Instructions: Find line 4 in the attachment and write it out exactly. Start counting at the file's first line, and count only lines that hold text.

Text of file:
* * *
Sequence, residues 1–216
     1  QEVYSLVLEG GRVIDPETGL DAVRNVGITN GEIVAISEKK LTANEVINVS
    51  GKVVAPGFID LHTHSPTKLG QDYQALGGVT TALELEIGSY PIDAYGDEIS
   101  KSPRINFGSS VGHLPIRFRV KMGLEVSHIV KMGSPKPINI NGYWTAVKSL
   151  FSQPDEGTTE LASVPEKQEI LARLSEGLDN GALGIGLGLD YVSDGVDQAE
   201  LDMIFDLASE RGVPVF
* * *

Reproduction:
   101  KSPRINFGSS VGHLPIRFRV KMGLEVSHIV KMGSPKPINI NGYWTAVKSL